Boeckmann: I think when you invite a movie to a festival you are taking on the responsibility of contextualizing that film for an audience. In that process, it’s important to be transparent and not hide from the criticisms.
Desai: Do we actually have the resources for honesty and transparency? Do you even have time to look at your systems based on what happened the year before? Often you don’t, because you open your submissions back up after you’ve had a little break. There is value in having flashpoints where people reveal how things have been working so they can be evaluated. But it can’t just be reaction after reaction. When we demand a statement and an apology, what exactly does that do? Often we don’t know what the material demands should be, because we don’t know how these decisions are being made. What community is forged? Are we even having the same conversation? Often what large festivals are tending to is questions of filmmaking when the open letter is asking for the pain of Islamophobia in the work context and the day to day to be tended to.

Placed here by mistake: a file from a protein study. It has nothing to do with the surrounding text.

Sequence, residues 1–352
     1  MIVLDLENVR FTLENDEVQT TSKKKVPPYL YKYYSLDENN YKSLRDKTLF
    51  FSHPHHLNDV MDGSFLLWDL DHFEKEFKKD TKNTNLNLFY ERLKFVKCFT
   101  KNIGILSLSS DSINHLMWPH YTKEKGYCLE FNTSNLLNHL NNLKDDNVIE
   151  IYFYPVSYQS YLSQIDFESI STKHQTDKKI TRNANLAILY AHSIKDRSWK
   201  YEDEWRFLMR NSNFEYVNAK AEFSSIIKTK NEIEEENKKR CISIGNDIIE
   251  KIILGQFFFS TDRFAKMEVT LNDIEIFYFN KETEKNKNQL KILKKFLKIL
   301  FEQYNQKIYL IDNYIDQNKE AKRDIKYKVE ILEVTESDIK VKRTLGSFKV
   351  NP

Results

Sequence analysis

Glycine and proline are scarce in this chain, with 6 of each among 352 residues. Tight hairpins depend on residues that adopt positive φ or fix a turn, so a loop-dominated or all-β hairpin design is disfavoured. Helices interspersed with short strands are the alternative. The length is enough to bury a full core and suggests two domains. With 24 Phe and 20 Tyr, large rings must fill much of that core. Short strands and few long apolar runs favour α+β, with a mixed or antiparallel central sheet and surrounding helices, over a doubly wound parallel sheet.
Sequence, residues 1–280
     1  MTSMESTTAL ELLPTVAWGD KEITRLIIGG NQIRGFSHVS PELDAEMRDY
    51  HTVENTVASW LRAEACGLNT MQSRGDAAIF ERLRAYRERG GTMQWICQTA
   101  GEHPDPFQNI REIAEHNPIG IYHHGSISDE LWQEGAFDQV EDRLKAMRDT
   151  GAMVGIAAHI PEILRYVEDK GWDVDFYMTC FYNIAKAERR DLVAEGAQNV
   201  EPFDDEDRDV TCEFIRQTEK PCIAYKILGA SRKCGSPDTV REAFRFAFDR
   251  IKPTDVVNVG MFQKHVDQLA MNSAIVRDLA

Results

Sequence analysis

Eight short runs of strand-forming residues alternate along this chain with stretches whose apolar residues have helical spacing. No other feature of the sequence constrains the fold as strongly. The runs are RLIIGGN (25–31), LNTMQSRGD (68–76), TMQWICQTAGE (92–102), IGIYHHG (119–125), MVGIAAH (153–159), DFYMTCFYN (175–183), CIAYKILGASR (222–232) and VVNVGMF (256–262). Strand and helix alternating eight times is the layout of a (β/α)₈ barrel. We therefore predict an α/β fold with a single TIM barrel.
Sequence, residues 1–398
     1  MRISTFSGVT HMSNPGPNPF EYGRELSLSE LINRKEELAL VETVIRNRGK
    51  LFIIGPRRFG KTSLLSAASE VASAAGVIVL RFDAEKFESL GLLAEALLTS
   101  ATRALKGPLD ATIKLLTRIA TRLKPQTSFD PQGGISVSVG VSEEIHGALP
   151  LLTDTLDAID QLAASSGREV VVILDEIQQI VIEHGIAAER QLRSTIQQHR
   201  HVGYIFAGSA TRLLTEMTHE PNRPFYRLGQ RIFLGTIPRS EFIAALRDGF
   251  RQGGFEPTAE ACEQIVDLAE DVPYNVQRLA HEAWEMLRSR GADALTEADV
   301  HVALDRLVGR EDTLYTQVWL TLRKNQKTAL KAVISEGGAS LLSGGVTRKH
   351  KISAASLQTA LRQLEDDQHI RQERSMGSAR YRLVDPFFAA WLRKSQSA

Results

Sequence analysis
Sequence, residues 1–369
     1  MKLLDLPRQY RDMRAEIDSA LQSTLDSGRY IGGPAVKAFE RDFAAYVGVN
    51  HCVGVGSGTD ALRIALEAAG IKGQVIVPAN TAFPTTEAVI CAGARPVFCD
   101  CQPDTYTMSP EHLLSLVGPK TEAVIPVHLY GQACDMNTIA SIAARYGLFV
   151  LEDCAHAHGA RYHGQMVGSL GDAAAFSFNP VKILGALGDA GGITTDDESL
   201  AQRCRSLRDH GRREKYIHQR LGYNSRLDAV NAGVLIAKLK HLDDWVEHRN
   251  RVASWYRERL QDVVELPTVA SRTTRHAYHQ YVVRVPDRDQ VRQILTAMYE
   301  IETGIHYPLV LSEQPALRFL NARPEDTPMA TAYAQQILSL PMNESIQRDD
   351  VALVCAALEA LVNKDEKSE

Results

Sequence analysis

Nyrabia: Do we actually want to destroy the career of a filmmaker who caused us pain? Do we want this particular festival to apologize for selecting this particular film this time? The French initiative “5050 by 2020” initiated a charter and asked film festivals to sign a pledge that they will have a 50/50 gender parity in their program by 2020 and report publicly every year about the representation in their programming, board members, and team members, so everyone can see how serious the work is or not. We shouldn’t reduce this big, historical problem to one film.
Desai: I think the conversations have been much more expansive. But institutionally that is how it’s received, as a complaint about one film that needs to be addressed. Are we just demanding a resignation or the new hire of a programmer from a certain perspective? In this case, many people said that’s exactly what they did not want. When we don’t ask for things that make it easy for institutions to say, “This is the list of things we’ve done,” it becomes messy relational work. It reveals how thin the relationship festivals have with their so-called community is because the conversation becomes customer service. Can a festival context even hold this kind of request for accountability, self-examination, and care for different perspectives? These festivals are extremely gentrified, elite spaces where conversations are not had in the commons where everyone has something to say, but in very hierarchical private conversations. That’s not accountability.